Tragic reason IDF troops won’t mention kidnapped kids’ parents in first words they’ll hear when they’re saved from Hamas

Tragic reason IDF troops won’t mention kidnapped kids’ parents in first words they’ll hear when they’re saved from Hamas

IDF soldiers have been given heartbreakingly clear instructions on how to meet the traumatised children that are freed from Hamas.

Tomorrow, Hamas has agreed to release 50 women and children back to Israel at the Rafah crossing as part of a ceasefire deal.

EPAIDF soldiers have been given heartbreaking instructions on how to meet the freed children[/caption]

Jon BondIsraeli soldiers have been instructed not to answer any questions children may have about where their family members are[/caption]

APNine-year-old Emily Hand is one of the hostages expected to be returned tomorrow[/caption]

The Israeli soldiers who have been instructed to meet the freed hostages have been told how to behave around them, how to mediate, and the exact words that they should say.

This is: “Helly, my name is (soldier’s name), I am a soldier in the Israel Defense Forces and I am accompanying you so you can go home.

“You are in a safe place. I am here to take care of you, you are safe.”

Secondly, they are to attempt to pair each child with one soldier, in failing that they should try and pair a family unit with one soldier.

They have also been told what questions they can ask children, like: “Are you thirsty?”, “Are you hot or cold?”

And if the child is struggling to walk, the soldiers have been told that they should ask whether they can take their hand, or if they can pick them up.

The army has published clear instructions not to touch any children without explicit permission.

It is still not clear what the children went through whilst in captivity and the IDF fear that any physical touch could prove triggering.

Soldiers are permitted to offer a hand or a hug, but it has been stressed that this can only be an offer and that outright consent is necessary.

They have also been taught how to deal with questions concerning the unknown fate of family members.

If the children asks where their parents are, the soldier is under strict instructions not to answer the question – even if they know the answer.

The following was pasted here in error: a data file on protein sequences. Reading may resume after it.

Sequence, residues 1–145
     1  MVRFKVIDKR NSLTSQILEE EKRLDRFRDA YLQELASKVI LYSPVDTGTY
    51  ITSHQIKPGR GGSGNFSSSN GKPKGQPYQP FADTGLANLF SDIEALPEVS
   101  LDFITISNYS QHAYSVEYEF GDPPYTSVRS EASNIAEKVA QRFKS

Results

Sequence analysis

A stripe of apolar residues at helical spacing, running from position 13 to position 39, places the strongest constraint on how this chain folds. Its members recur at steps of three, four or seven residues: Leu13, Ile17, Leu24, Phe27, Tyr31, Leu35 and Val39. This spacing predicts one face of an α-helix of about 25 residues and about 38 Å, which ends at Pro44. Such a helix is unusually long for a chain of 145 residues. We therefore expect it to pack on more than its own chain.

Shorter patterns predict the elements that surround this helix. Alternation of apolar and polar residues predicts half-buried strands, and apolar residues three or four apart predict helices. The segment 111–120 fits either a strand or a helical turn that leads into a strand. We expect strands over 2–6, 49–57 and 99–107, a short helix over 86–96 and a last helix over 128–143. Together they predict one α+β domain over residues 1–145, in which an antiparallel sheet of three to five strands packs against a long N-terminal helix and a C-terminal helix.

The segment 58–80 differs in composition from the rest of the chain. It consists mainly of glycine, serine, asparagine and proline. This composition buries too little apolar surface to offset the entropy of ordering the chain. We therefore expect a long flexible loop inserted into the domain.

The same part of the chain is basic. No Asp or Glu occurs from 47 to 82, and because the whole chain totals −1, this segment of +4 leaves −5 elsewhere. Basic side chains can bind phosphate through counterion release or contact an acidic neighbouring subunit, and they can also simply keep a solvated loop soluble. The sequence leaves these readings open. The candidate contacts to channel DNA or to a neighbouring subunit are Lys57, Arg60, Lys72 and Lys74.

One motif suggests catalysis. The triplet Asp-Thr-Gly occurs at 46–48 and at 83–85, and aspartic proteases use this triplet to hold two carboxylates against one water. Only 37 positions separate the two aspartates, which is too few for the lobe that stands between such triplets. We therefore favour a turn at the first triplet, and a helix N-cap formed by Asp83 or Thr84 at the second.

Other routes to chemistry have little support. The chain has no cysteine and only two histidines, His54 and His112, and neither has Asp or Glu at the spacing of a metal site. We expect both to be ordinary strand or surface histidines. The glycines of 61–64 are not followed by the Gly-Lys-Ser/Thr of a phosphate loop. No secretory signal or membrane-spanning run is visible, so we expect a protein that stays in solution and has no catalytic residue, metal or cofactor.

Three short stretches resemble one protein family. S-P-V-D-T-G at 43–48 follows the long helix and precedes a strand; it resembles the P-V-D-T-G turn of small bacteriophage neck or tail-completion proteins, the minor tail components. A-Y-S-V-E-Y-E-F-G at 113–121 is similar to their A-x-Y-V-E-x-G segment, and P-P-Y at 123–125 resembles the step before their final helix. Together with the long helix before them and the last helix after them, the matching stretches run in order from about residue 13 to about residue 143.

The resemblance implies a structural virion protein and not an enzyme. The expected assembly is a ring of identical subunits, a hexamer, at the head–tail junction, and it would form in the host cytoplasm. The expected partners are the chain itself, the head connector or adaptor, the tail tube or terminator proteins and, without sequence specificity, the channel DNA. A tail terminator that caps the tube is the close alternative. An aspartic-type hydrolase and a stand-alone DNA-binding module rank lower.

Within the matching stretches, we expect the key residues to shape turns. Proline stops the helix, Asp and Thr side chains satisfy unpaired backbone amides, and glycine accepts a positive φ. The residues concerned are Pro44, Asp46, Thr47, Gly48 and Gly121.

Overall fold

The guidance given by the Israeli army states that each question must be answered along the lines of: “I’m sorry, I don’t know.

“My job is to bring you to Israel, to a safe place, where people you know will be waiting for you and will answer all of your questions.”

The IDF believe that approximately 40 children have been held captive by the terror group since the October 7 massacre.

Among them is Irish-Israeli nine-year-old Emily Hand.

She was abducted from bed during a sleepover at a friend’s house in Be’eri Kibbutz, almost seven weeks ago.

Her devastated family threw her an emotional birthday party last week, as her dad broke down in tears and said he’s praying for the return of his daughter.

The deal has sparked fresh hope for her family, as Israel named Emily as one of the 50 hostages that are set to be released tomorrow.

This comes as part of the ceasefire deal that Israel agreed with Hamas.

In return for 50 hostages, Israel has agreed to halt the bombing and brutality for four-days. 300 Palestinian women and children could also be freed from Israeli prisons.

The Palestinian prisoners on Israel’s list are mainly teenagers arrested over the past year for rock-throwing and other minor offences.

This is the first major diplomatic breakthrough since the war broke out.

Retired Brit major general Rupert Jones told the Sun that the truce, set to begin tomorrow, is a “very good thing” and “has to be progress”.

However, Jones stressed that the logistic details of a handover of hostages can impose a few challenges to the IDF as the war is “far from over”.

Ian WhittakerEight-year-old Shoham Nave, one of the 40 children believed to have been taken hostage by Hamas[/caption]

Ian WhittakerTwo-year-old Aviv Asher Katz also remains captive[/caption]

AFPRetired major general Rupert Jones warns that the war is far from over[/caption]

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